STEP: POV Diaries w/ Salma

Salma reveals how the STEP programme led her to discover her creativity and explore a new career path

25 July 2023

Q. What is your name and where are you based?

My name is Salma and I am a born and raised east Londoner from Tower Hamlets.

Q. Why did you decide to apply for this opportunity?

I graduated in 2022 with a BA in Ancient History and at the time I dreamed of working in museum education. I remember being told by my university tutor that the only way I could ever work in museum education was if I undertook a Masters in Museum Education and volunteered at museums (whilst studying and working part-time). It was an incredibly disheartening thing to hear. But one day, I was doing research into career paths when I graduated and came across the Good Growth Hub and New Direction’s website where the STEP programme was being advertised.

I decided to apply for the STEP programme because I was incredibly excited at the prospect of getting to work in museum education and having the support of the GGH team guiding me through, what I liked to call, my first “big girl job”.

Q. What is your most memorable moment from this experience and why?

For one year I worked at UCL as a School’s Engagement assistant through STEP. I ran and helped to facilitate workshops for primary and secondary-aged students from underrepresented backgrounds in east London. The workshops were curriculum based and had a specific focus on using the resources available at the various UCL museums. I got to meet and work with incredible people and had the opportunity to work on some amazing projects. The standout project for me was getting to create and design my own activity worksheets that were used by students in east London and museums in Egypt and getting to film a short series for the Petrie Museum where I got to investigate ancient Egyptian artefacts with Dr Anna Garnett.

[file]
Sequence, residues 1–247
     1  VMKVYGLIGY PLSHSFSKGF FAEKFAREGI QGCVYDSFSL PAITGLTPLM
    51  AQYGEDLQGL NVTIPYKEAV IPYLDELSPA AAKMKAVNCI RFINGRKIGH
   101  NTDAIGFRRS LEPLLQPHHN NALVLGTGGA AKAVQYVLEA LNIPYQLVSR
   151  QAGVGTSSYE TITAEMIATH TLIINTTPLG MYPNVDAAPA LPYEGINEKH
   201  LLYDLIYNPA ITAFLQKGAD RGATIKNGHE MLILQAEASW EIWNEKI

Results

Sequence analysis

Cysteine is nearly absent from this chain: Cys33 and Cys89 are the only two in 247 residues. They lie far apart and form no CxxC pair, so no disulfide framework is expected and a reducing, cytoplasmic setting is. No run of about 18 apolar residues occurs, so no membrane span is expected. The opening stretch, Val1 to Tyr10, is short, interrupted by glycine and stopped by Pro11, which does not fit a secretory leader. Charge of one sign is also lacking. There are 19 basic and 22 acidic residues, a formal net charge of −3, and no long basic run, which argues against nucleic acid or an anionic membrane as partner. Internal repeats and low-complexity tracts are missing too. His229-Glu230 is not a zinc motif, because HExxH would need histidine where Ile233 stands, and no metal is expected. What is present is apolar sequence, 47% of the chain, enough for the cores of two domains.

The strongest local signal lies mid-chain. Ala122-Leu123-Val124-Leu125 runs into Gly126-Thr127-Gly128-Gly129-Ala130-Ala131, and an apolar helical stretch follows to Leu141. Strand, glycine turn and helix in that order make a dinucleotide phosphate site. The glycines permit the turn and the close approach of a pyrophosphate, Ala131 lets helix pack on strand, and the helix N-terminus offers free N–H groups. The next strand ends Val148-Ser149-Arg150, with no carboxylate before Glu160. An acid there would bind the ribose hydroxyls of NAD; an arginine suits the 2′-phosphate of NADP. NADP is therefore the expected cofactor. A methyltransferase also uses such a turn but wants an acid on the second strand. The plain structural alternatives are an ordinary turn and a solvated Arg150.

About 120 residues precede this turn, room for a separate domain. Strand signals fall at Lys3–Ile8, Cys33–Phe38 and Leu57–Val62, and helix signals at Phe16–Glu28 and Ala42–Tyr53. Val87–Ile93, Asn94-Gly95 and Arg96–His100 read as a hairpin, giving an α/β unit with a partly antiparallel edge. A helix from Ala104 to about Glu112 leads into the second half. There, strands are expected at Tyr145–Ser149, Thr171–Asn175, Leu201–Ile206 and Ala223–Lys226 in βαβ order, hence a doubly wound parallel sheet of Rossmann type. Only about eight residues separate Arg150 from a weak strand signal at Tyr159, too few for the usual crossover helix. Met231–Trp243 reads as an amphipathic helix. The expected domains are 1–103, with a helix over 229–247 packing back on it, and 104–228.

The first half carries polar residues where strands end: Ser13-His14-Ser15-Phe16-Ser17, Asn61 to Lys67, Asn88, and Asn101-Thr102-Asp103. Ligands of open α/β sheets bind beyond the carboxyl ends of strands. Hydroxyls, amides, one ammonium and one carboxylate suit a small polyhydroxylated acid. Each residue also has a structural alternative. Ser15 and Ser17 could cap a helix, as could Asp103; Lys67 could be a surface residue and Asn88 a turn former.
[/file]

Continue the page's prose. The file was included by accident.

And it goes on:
Hearing from my colleagues in Egypt about the positive reception that my work was receiving from local children gave me a massive confidence boost and was a step in the right direction in combatting the imposter syndrome I felt. Working at UCL, I was able to recognise museums as an untapped educational resource and my hope for the future is that museums become an integral part of the British education system.

What is your favourite project that you’ve worked on during this experience, and what makes it stand out for you?

I also had the opportunity to co-curate an exhibition with my fellow trainees to celebrate the opening of the new UCL East campus. Curating was a new experience for me, however, I was able to learn about what goes into delivering an event on that scale. We held a final celebration event for the exhibition which was a success, and seeing the reaction of the students to their artwork made the experience incredibly rewarding.

(Here I am delivering a speech at the final celebration event)

Q. How has taking part in an ‘A New Direction’ programme helped you with this opportunity?

Coming into this experience I would not have described myself as a creative, in fact, I was convinced that I did not have a creative bone in my body. However, my time at STEP completely altered my idea of what creativity means. As part of the STEP programme, I would meet monthly with fellow trainees for workshops held at GGH. Being surrounded by peers who were talented and creative photographers, dancers, poets and musicians sparked something in me that led to me finding my own creativity. Six months into my placement, I designed and launched my blog titled ‘Chronically Online' where I share my thoughts and feelings on all things film, tv, music and pop culture.

Since launching my blog, I have had over 3,000 people read and support it from across the world. Sharing my thoughts and feelings through my blog and social media has been empowering. Being in a creative and incredibly supportive environment at the Good Growth Hub allowed me to tap into my creativity and create work I am immensely proud of.

The STEP programme also provided me with a mentor who was instrumental in my journey of discovering my creativity. My mentor offered a listening ear, was incredibly encouraging and offered points of improvement on the work I produced.

Q. How has this experience benefited you or your career?

I began my journey thinking I would pursue a career in Museum education; however, the programme allowed me to come into the realisation that my true passion was in media and I now hope to pursue a career in PR for music and film. One year ago, I was a timid person frightened of what my future in the creative sector would like. But today I have full faith in myself thanks to the confidence instilled in me through the STEP programme. Although I will not pursue a career in museum education, I am forever grateful for the opportunity provided through my STEP placement at UCL as the supportive environment created by everyone involved has meant I have picked up a plethora of transferable skills.

You may also be interested in...